Richard Wray, writing some time ago in The Guardian, pointed out that the volume of data held is now estimated at 487 billion GB. To put this in perspective he explained that in printed form this would form a pile that would stretch to Pluto 10 times over. The really staggering statistic, however, was that if this data were printed then the stack would grow faster than NASA’s fastest rocket. I haven’t checked the stats, but a quick back of the envelope calculation suggests he’s in the right order of magnitude.
What does this mean? Apart from the staggering numbers, it tells us that the problem for organisations isn’t holding large amounts of information – they already do that. Nor is the problem necessarily how to index that information – increasingly they have defined information standards to do that. The real problem is its continual growth – very few taxonomies or models properly account for the rapid rate of growth.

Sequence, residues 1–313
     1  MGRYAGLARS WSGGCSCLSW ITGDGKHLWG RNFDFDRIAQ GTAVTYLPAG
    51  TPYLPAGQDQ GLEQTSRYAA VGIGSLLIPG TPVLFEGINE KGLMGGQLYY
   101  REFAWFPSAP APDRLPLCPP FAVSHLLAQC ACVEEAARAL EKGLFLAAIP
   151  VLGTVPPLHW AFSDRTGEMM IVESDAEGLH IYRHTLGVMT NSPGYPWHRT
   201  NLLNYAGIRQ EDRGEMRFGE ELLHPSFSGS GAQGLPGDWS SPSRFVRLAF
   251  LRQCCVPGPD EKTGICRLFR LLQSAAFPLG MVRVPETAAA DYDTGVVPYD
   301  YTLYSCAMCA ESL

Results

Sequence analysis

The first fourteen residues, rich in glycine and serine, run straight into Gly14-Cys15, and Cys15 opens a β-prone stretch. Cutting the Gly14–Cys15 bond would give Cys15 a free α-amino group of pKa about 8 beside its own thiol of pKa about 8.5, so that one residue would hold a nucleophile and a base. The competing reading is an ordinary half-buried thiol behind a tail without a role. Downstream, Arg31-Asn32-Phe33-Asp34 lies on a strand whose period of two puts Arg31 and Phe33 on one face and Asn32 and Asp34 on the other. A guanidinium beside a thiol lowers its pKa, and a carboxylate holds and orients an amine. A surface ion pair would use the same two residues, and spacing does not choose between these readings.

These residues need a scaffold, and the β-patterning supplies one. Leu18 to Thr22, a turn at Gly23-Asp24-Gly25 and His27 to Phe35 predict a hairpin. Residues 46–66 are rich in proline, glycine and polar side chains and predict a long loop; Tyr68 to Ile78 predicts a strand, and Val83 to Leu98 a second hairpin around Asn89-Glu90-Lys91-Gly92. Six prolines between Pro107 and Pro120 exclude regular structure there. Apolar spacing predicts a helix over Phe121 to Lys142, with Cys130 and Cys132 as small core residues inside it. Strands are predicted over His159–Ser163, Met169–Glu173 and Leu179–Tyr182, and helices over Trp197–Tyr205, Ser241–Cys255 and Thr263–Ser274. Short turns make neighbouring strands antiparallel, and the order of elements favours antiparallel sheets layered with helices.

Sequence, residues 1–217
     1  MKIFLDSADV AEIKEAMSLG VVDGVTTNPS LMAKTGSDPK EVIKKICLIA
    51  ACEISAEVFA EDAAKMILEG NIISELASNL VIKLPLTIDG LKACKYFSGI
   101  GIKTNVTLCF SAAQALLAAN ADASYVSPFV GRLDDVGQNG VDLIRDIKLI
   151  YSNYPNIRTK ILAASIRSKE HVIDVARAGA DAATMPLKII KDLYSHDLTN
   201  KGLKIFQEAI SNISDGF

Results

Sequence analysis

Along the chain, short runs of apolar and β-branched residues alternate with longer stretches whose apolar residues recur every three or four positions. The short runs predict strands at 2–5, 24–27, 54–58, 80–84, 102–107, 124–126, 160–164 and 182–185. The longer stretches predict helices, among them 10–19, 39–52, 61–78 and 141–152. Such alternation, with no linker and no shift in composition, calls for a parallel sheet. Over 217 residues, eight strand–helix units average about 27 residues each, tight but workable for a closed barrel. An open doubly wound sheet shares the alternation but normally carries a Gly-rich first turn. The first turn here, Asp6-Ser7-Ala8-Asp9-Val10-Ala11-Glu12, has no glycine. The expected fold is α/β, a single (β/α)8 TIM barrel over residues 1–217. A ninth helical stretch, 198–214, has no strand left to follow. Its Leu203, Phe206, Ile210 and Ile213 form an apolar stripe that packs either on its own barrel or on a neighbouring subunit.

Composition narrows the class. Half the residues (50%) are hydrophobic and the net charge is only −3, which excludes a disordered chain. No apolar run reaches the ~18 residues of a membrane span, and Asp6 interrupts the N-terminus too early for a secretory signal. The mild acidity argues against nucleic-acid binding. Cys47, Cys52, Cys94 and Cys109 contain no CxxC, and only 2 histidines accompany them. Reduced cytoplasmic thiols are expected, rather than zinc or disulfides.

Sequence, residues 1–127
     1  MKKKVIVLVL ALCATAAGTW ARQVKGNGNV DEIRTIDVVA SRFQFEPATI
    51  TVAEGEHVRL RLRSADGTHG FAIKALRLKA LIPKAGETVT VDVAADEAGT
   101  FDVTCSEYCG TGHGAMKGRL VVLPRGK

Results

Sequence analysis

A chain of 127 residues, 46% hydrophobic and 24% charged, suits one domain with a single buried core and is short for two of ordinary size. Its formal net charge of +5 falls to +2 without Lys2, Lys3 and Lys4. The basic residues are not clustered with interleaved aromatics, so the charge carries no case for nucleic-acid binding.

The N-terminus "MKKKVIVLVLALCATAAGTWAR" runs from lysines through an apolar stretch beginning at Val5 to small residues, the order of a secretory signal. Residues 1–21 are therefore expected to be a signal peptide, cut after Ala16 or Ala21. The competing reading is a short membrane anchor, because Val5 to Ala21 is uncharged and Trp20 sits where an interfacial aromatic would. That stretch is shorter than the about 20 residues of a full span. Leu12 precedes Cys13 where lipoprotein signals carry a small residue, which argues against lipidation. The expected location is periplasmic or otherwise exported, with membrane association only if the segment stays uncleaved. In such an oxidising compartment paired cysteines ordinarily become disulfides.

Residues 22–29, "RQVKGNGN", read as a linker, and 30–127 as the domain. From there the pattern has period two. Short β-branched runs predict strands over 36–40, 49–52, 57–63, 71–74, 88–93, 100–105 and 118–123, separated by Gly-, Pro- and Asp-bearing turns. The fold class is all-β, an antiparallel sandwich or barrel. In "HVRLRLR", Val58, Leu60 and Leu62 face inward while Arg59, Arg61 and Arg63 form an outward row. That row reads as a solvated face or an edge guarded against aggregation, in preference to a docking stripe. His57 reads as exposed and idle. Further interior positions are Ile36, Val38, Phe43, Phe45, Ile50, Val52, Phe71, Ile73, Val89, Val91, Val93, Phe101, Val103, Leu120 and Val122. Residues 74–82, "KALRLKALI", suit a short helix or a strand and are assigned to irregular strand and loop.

A new generation of Information Management techniques are starting to appear which are designed to deal less with the data you have now and more with the data that you are likely to gain in the future. My next few blog entries will introduce a couple of these techniques for both structured and unstructured data.